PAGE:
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    Roles, Functions, and Competencies of Counselors

    Roles of Guidance Counselors

    Given that the youth are the future of every nation, the role of providing guidance to them at critical moments of their growth is a serious nation-building undertaking. Counseling is a process and a relationship between the client(s) and counselor. The role of the counselor is to assist the person or persons (clients) in realizing a change in behavior or attitude, to assist them to seek the achievement of goals, assist them to find help, and in some cases, the role of counselors includes the teaching of social skills, effective communication, spiritual guidance, decision-making, and career choices. A counselor’s roles may sometimes include aiding one in coping with a crisis. In some settings, counseling includes premarital and marital counseling, grief and loss (divorce, death, or amputation), domestic violence, and other types of abuse, special counseling situations like terminal illness (death and dying) as well as counseling of emotionally and mentally disturbed. individuals. Counseling could be short-term (brief counseling) or long-term.

    Functions of Guidance Counselors

    The Philippine Republic Act No. 9258 (Sec. 2-3) defines a guidance counselor as a natural person who has been professionally registered and licensed by a legitimate state entity and by virtue of specialized training to perform the functions of guidance and counseling. The guidance counselor’s functions include the use of an integrated approach to developing a well-functioning individual primarily through:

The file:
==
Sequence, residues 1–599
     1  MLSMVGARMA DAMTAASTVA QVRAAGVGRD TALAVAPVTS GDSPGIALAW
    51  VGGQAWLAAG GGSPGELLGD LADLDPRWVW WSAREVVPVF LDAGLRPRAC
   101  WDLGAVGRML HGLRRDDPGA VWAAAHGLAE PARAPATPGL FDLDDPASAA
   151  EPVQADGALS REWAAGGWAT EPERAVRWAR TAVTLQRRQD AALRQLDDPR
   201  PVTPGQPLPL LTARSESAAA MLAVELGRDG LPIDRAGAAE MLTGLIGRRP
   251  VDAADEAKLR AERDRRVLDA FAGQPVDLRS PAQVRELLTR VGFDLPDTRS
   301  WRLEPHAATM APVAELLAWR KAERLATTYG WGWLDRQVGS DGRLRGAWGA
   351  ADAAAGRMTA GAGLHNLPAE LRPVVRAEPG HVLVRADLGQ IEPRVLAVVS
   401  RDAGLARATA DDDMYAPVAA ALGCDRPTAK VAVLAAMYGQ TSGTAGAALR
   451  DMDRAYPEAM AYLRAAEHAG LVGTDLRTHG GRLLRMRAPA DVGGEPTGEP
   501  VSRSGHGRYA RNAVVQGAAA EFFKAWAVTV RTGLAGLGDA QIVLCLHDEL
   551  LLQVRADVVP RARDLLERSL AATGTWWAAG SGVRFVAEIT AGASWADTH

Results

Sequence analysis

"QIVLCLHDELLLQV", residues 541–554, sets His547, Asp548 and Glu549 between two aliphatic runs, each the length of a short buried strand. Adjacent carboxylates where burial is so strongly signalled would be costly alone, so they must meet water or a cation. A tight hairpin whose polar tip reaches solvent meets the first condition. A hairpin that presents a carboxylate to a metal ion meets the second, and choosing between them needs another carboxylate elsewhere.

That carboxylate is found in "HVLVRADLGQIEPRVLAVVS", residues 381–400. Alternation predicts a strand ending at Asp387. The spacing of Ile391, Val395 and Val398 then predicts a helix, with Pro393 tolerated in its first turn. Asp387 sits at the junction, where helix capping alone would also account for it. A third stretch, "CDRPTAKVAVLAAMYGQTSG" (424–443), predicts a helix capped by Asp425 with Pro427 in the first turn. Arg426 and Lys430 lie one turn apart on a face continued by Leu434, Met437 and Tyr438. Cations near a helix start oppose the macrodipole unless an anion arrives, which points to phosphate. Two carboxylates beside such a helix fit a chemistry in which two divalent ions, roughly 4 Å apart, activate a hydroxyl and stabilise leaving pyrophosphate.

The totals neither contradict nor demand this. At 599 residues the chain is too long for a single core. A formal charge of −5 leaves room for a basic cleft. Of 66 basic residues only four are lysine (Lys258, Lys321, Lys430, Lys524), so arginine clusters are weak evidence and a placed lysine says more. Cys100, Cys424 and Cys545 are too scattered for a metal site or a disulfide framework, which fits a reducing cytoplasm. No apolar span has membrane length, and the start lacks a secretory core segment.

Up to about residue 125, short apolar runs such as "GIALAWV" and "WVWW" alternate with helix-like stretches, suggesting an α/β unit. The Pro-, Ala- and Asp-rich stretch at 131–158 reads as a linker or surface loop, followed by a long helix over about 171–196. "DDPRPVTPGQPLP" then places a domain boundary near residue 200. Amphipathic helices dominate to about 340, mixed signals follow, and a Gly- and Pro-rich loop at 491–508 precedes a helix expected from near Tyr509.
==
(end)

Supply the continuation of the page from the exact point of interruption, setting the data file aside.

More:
1. helping a client develop potentials to the fullest;
    2. helping a client plan to utilize his or her potentials to the fullest;
    3. helping a client plan his or her future in accordance with his or her abilities, interests, and needs; 
    4. sharing and applying the knowledge related to counseling such as counseling theories, tools, and techniques; and
    5. administering a wide range of human development services.

    Competencies of Guidance Counselors

    Guidance counselors have the ability to administer and maintain career guidance and counseling programs. They are capable of properly guiding the. students toward becoming productive and contributing individuals through informed career choices with reference to appropriate bureaus, relevant stakeholders, and national programs, and in light of the available opportunities in the community, the country, and globally. They are capable of designing and implementing programs that expose students to the world and value of work and guide, provide, and equip the students with the necessary life skills and values.